Logan Cole played many sports while growing up, but little did he know he was just waiting for the right one to come along.

As a seventh-grader, the recent Dalton High School graduate joined his best friend and neighbor Jack Sanderson on an adventure that would eventually land him as the first Catamount to sign a scholarship to play collegiate lacrosse. A few weeks ago, Cole made everything official with a celebration at Reinhardt University in Waleska where he will join the Eagles this fall.

"I had always played baseball and soccer and stuff like that," Cole said. "But I really wanted to try something new and it turns out I was pretty good at it. I had really never even heard of lacrosse, but I picked it up pretty fast and could do most of the stuff within about a month."

Sanderson's father, Mike, is credited with beginning the lacrosse program at Dalton when his son was still in middle school. The development was slow, and with Cole on board, the Catamounts first played three years as a club team before joining the Georgia High School Association when Cole and Sanderson were freshmen. In the ninth grade the duo and about 10 others in their class competed as a junior varsity team before finally becoming an official team as sophomores.

While the Catamounts were now sanctioned to compete against other varsity teams, they learned very quickly just how difficult the road ahead would be. Three games into the season, they faced a defending state champion team in Allatoona.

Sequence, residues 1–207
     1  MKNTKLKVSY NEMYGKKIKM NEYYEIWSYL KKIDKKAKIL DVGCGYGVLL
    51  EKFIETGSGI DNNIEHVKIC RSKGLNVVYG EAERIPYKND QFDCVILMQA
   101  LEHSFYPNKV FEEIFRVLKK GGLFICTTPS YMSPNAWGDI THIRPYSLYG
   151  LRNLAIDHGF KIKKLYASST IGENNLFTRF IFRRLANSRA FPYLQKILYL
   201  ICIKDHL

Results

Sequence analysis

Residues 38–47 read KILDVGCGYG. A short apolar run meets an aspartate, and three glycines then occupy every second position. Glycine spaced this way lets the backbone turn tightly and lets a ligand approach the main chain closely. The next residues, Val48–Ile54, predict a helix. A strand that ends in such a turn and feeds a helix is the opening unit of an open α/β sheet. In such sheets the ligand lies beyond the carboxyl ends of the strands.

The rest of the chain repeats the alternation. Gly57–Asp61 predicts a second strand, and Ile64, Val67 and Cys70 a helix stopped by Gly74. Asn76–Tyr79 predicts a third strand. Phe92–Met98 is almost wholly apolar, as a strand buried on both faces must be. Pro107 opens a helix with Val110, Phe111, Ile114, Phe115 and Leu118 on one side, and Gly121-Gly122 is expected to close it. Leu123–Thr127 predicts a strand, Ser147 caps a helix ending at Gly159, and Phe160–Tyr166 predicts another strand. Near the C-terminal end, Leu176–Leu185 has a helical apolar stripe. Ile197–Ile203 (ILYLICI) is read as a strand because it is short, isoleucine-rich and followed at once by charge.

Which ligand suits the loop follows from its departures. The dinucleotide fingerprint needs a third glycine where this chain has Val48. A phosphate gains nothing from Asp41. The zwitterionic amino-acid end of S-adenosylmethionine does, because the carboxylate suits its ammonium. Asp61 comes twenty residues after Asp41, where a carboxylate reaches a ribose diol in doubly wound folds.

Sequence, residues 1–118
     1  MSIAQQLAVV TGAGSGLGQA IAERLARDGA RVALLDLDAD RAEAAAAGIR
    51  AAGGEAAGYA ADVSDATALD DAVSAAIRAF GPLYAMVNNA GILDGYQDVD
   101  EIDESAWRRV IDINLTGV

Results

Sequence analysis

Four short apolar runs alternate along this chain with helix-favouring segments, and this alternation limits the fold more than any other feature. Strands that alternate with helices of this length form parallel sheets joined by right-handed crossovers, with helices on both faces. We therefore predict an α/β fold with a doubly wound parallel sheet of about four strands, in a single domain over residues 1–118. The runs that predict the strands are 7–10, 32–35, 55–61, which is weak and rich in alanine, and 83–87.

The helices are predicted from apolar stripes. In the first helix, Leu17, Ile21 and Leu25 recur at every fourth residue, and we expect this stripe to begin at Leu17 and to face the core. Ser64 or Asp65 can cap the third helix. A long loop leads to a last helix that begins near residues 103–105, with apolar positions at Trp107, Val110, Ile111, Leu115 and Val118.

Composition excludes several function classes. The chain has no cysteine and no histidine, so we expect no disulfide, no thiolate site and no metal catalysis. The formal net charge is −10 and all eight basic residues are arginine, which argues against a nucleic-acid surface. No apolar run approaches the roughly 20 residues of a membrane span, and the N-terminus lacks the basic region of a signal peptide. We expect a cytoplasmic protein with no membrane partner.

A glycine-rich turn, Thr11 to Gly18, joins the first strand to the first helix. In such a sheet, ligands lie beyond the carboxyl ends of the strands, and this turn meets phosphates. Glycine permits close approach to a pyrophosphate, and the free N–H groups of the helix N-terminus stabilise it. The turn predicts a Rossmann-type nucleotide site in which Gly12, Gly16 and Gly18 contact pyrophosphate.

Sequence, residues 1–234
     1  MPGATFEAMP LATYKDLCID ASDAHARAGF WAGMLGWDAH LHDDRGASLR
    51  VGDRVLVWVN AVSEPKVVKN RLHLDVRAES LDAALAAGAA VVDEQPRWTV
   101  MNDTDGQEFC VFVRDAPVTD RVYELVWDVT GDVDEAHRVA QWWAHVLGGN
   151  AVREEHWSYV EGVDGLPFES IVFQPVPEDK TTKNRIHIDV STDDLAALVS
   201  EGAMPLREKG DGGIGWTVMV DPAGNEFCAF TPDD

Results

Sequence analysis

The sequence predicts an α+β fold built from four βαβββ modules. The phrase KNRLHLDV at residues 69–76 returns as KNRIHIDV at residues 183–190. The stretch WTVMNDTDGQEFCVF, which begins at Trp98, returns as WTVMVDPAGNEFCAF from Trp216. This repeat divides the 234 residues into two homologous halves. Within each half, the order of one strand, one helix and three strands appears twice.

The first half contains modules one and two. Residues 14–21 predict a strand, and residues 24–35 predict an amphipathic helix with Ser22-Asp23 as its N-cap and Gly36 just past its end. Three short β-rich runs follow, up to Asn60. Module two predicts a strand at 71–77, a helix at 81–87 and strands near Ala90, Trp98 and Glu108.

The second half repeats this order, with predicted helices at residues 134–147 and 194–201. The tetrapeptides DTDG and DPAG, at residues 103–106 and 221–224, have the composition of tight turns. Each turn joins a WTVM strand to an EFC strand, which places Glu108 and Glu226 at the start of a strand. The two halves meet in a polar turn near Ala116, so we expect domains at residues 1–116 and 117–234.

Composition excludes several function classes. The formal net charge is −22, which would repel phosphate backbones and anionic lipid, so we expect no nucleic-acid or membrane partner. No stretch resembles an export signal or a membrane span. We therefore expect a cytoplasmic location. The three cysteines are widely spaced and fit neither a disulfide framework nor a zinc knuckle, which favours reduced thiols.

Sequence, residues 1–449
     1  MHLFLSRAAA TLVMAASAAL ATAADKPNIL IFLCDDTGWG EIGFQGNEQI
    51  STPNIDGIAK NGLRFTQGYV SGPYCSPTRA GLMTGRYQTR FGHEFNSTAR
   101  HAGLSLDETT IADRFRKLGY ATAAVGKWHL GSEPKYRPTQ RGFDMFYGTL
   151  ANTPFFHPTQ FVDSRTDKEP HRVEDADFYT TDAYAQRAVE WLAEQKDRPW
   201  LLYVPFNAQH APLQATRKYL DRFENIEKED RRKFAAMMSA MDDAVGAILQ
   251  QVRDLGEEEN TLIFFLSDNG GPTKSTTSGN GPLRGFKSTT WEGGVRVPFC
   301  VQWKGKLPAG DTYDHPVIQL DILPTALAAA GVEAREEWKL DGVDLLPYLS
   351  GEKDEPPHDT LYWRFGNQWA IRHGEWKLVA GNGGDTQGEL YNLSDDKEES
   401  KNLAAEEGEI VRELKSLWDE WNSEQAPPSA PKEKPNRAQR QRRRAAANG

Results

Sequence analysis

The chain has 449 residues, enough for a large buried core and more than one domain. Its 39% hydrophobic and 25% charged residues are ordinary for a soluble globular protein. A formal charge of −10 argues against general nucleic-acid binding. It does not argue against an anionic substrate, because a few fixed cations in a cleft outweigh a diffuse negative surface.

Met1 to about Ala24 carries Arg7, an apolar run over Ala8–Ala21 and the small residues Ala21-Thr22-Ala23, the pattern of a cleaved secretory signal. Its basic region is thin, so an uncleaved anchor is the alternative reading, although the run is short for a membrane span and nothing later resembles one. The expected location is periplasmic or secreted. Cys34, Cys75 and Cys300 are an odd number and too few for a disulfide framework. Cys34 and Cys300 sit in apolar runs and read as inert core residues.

"We really got thrown into the fire," Cole said. "We had been so used to JV and middle school competition that this was our first real taste of top competition. Once we figured out what was coming, I think it helped us in the long run."

Things only went up from there as the team learned everything they needed to know about the sport. Cole served not only as a quick and athletic piece to the puzzle playing in the midfield and attacking position, but also as one of the most dedicated. In its humble beginnings, Cole helped his teammates assemble their lacrosse sticks, among other things, watching YouTube videos of how to properly assemble the equipment.

After being the first in program history to record a goal, Cole's determination was what gave him the opportunity to play lacrosse in college. He averaged between two and three goals a game during his junior year, setting him up with some basic highlights he could show anyone who was interested.

"I had a feeling I could hang with some of the best players, but I still didn't know exactly how good I was," he said. "There aren't that many lacrosse programs in the South, so I basically just started doing a bunch of research. I made a YouTube video of my clips and emailed it to a bunch of coaches."

Once Cole began to hear back from a few coaches, he became a little more serious about his decision to pursue lacrosse as an avenue to higher education. During his senior year, Cole became more known by visiting teams and was more highly guarded, giving him the chance to record most assists than goals.

Cole did visit one school in North Carolina, but his best option for what he was looking for came with a great deal of luck, he said.

Reinhardt, a member of the NAIA, is about an hour drive from Dalton, keeping Cole close to home. It also has happened to win the NAIA national championship for the past three years.

"I knew I would like the opportunity to play in college, but it wasn't going to be the end of the world if I didn't," he said. "Once I got an offer from Reinhardt, I knew I could be with a winning program and not that far away. It can't get much better than that."

Now that his next step is set, Cole said he hopes for more people to learn more about lacrosse. And after trying out a variety of sports, he also said he doesn't mind being known now as the kid who plays lacrosse.

"I think I wanted to do this because no one has done it before," he said. "I'm kind of like the trailblazer who led the way. I like to be able to help those below me and provide answers to some of their questions. I think this whole thing was just meant to be."

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